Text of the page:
Format

Send to

Choose Destination
FEMS Microbiol Lett. 2002 Mar 5;208(2):153-62.

Rhizobial acyl carrier proteins and their roles in the formation of bacterial cell-surface components that are required for the development of nitrogen-fixing root nodules on legume hosts.

Author information

1
Centro de Investigación sobre Fijación de Nitrógeno, Universidad Nacional Autónoma de México, Apdo. Postal 565-A, Cuernavaca, Morelos CP62210, Mexico. otto@cifn.unam.mx

Abstract

Acyl carrier protein (ACP) of Escherichia coli is a small acidic protein which functions as carrier of growing acyl chains during their biosynthesis and as donor of acyl chains during transfer to target molecules. This unique ACP of E. coli is expressed constitutively. In more complex bacteria, multiple ACPs are present, indicating a channeling of pools of multi-carbon units into different biosynthetic routes. In rhizobia, for example, besides the constitutive ACP (AcpP) involved in the biosynthesis and transfer of common fatty acids, three specialized ACPs have been reported: (1) the flavonoid-inducible nodulation protein NodF, (2) AcpXL that transfers 27-hydroxyoctacosanoic acid to a sugar backbone during lipid A biosynthesis, and (3) the RkpF protein which is required for the biosynthesis of rhizobial capsular polysaccharides. All three of those specialized rhizobial ACPs are required for the biosynthesis of cell-surface molecules that play a role in establishing the symbiotic relationship between rhizobia and their legume hosts. Surprisingly, the recently sequenced genomes from Mesorhizobium loti and Sinorhizobium meliloti suggest even more candidates for ACPs in rhizobia.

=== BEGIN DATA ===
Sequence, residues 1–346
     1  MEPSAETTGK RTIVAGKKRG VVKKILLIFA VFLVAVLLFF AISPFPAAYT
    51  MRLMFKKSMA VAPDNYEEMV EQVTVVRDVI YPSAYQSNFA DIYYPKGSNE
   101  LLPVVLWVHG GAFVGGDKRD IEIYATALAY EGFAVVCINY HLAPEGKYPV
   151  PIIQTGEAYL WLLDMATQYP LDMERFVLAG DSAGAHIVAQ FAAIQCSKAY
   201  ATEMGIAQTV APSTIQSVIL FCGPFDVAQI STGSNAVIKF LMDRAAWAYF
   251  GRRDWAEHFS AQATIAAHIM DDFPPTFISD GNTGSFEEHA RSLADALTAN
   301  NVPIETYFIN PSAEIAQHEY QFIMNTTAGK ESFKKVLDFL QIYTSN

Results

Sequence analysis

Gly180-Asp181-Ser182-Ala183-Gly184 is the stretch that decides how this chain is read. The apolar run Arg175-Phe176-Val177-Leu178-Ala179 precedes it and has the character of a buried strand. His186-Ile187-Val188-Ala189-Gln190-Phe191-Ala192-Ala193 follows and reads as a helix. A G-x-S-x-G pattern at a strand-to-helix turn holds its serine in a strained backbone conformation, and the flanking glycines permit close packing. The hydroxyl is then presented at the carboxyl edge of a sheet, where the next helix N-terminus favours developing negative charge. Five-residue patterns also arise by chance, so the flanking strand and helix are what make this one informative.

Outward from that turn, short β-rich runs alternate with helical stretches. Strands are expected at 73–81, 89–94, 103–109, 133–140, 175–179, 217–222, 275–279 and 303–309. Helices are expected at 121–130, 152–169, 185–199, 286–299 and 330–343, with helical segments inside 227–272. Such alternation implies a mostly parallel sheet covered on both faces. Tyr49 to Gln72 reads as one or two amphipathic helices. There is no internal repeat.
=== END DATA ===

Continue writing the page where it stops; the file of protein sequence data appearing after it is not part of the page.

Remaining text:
[Indexed for MEDLINE]
Free full text

Supplemental Content

Full text links

Icon for Silverchair Information Systems Icon for Wiley
Loading ...
Support Center